Need to Buy or Sell Silver or Gold?
$10-$750k confidential transactions beating other online pricing!
How It Works With Our Jewelry & Bullion GOLD & SILVER SERVICE in Illinois and Greater Chicago Area.
- Step One: is determining if you are planning to buy or sell your gold or silver & determining the category of the item(s). After the wholesale price will be determined based on market pricing. Market pricing is determined by “SPOT” and current premiums, which are influenced by supply & demand.
- Step Two: the offer will be made for the bullion you are buying or selling. The larger volume of your trade the better pricing you will receive. If you are selling 1 ounce of silver or 100 ounces of gold, there is a fixed time involved, and a guaranteed value we can receive based on market pricing and our trading desk. The volume of your trade will allow us to provide the best pricing available based on our internal and external trading resources, supply and demand.
- Step Three: Payout and contract. For large pre-pay orders, a contract will be provided with a delivery date of your order. For on site orders, fulfillment can often be made immediately. You will find trust & confidence with us compared to other online sellers and buyers allowing for cash, wire, check or card payments.
Gold jewelry comes in a variety of purities. Gold jewelry traditionally comes in 10k, 14k, 18k, 22k, and 24k. The most common purity of gold jewelry is 14k.
Silver jewelry also comes in a variety of purities such as .585, .750, .800, .925 (Sterling Silver), and Pure Silver. The standard for silver jewelry is .925 commonly known as Sterling Silver.
Silver and Gold Bars can be minted/manufactured both privately and by a national government. Generally a bar comes with a lower premium, and you will find common 1 gram, 5 gram, 20 gram, 1 ounce, 10 ounce, 50 ounces, 100 ounce bars, Kilo bars, occasionally 1000 ounce bars.
Bars are rectangular in shape and produced all around the world. You will find them stackable for optimal storage depending the design and type of pour.
A silver or gold “coin” is considered legal tender and can only be issued by a national government. There are several all unique features a coin will carry compared to a “round” which can be minted by a private mint, national government and others.
- A coin is minted by a national government
- A coin will carry the name of the government who issued and minted the bullion, and will carry a denomination, and considered legal tender.
- A coin when produced with silver, gold or other precious metals will typically carry a higher price then private minted rounds.
- A coin’s weight and purity is backed by the national government and production of fake coins is regulated by anti-counterfeiting laws
Commonly Known Silver Coins
- Silver American Eagle
- Canadian Silver Maple Leaf
- Chinese Silver Panda
- Austrian Silver Philharmonic
- Australian Silver Kangaroo
- South African Silver Krugerrand
- British Royal Mint Coin
- Mexican Libertad
- British Silver Britannia
- Pre-1964 90% Silver also Known As Junk Silver
- Barber Dime (1892-1916)
- Mercury Dime (1916-1945)
- Roosevelt Dime (1946-1964)
- Barber Quarter (1892-1916)
- Standing Liberty Quarter (1916-1930)
- Washington Quarter (1932-1964)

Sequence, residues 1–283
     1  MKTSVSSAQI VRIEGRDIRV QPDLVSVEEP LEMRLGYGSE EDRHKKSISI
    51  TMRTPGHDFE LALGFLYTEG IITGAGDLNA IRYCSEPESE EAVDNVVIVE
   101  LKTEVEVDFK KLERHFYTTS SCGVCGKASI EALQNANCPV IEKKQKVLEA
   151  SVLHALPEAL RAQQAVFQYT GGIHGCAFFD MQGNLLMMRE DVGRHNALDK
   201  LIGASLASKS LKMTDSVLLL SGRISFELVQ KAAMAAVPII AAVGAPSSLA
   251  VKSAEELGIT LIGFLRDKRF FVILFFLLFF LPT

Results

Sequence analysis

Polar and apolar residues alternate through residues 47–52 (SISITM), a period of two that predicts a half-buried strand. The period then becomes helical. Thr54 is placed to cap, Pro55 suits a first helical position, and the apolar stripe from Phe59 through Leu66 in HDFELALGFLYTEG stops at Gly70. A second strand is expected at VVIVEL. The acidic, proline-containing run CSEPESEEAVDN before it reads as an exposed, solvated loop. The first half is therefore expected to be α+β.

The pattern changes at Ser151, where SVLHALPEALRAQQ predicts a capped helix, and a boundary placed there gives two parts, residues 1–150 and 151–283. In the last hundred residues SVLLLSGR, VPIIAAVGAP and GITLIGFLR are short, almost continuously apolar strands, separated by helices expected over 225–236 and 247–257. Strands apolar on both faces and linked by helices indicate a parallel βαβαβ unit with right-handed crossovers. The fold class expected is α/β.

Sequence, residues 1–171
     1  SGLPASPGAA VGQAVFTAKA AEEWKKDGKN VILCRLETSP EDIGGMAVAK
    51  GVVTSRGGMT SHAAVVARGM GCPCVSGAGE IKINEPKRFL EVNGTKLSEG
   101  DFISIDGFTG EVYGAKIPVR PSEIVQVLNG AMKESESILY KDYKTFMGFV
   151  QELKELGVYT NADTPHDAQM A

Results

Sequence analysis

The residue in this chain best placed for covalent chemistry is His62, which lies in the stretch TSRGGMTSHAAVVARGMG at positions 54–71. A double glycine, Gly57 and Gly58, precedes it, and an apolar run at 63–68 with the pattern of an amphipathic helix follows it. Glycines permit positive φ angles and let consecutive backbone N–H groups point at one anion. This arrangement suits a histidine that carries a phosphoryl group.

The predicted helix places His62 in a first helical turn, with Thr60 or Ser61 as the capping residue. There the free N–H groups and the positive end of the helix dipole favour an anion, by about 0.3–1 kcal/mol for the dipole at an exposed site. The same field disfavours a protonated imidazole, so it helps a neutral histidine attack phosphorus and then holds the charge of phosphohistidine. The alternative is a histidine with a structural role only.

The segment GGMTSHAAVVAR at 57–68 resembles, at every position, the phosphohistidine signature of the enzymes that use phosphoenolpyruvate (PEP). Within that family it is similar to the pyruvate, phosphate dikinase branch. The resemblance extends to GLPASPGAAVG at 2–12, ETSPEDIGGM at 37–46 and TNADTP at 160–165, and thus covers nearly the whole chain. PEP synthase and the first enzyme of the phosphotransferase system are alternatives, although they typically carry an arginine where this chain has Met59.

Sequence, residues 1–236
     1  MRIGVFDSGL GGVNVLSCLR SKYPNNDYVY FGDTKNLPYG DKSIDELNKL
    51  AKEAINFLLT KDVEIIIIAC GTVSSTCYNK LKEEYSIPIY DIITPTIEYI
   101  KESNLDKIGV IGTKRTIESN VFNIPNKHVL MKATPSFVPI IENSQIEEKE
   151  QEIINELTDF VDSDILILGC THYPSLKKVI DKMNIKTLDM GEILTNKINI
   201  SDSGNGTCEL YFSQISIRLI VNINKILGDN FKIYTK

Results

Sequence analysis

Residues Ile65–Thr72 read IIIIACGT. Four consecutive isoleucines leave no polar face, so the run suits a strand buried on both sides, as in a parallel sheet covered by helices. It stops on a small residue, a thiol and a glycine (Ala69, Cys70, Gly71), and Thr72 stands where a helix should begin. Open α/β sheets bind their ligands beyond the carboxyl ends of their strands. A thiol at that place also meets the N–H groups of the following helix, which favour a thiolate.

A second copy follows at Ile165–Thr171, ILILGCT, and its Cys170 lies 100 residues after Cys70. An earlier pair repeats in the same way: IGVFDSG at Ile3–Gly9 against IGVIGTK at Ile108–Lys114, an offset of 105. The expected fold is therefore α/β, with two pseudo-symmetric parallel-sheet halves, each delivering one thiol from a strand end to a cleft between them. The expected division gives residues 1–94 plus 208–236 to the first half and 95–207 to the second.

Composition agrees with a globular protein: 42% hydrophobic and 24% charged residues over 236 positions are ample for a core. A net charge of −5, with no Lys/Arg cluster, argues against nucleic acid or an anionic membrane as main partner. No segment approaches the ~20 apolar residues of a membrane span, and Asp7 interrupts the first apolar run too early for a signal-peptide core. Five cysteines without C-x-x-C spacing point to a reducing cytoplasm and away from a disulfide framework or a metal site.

- Barber Half Dollar (1892-1915)
- Walking Liberty Half Dollar (1916-1947)
- Franklin Half Dollar (1948-1963)
- Kennedy Half Dollar (1964)
- Morgan Dollar (1878-1921)
- Peace Dollar (1921-1935)
- 35-40% Silver Coins
- Eisenhower Dollar – 40% – (1971-1976)
- Kennedy Half Dollar – 40% – (1965-1970)
- War Nickel – 35% – (1942-1945)
Commonly Known Gold Coins
- Gold American Eagle Type 1 and Type 2
- American Buffalo Gold Coin
- Canadian Gold Maple Leaf
- Austrian Gold Philharmonic
- Australian Gold Kangaroo
- South African Gold Krugerrand
- British Royal Mint Coin
- Mexican 50 Gold Peso
- Mexican 20 Gold Peso
- British Gold Britannia
- Austrian 100 Gold Corona
- Vintage – Old Production
- $1 Gold Liberty Type 1 (1849-1854)
- $1 Gold Liberty Type 2 (1854-1856)
- $1 Gold Liberty Type 3 (1856-1889)
- $2.50 U.S. Liberty Gold Quarter Eagles (1840-1907)
- $2.50 Indian Head Gold Coin / Quarter Eagle (1908-1929)
- $5 Liberty Gold Half Eagle (1839-1908)
- $5 Indian Head Half Eagle (1908-1929)
- $10 U.S. Liberty Gold Eagle Coin (1838-1907)
- $10 Gold Indian Head Eagle (1907-1933)
- $20 U.S. Liberty Gold Double Eagle (1849-1907)
- $20 Saint Gaudens Double Eagle (1907-1933)
- $1 Pound – British Sovereign (1817-2007)
- $20 Francs – French Angel Franc (1871-1898)
- $20 Francs French Rooster Franc (1901-1914)
- $20 Francs Swiss Helvetia Franc (1897-1947)
A silver or gold “round” is not considered legal tender and can be minted by a private mint or national government. This makes them different then a “coin” because they are not backed by the national government of issue. They are not considered legal tender, and typically (but not always) carry a slightly lower premium over the spot price of the metal it is minted from.
There are several all unique features a “round” will carry compared to a “coin”
- A round can be privately minted, and are not considered tender
- A round may carry trade marks, and copyrights, bringing a unique premium
- Do not carry dates, and can never display a value or denomination.
Commonly Known Mints/Manufactures of Rounds
- 9 Fine
- Asahi Refinery
- Austrian Mint
- Bavarian State Mint
- British Pobjoy Mint
- Geiger Edelmetalle
- Germania Mint
- Golden State Mint
- Highland Mint
- Johnson Matthey
- Monarch Precious Metals
- Nadir Metal Refinery
- PAMP Suisse
- Polish Mint
- Rand Refinery
- Republics Metal Corporation
- Scottsdale Mint
- South African Mint
- Sunshine Mint
- The Chinese Mint
- The Perth Mint
- The Royal Mint
- The Royal Canadian Mint
- Valcambi SA
FAQ Coming Soon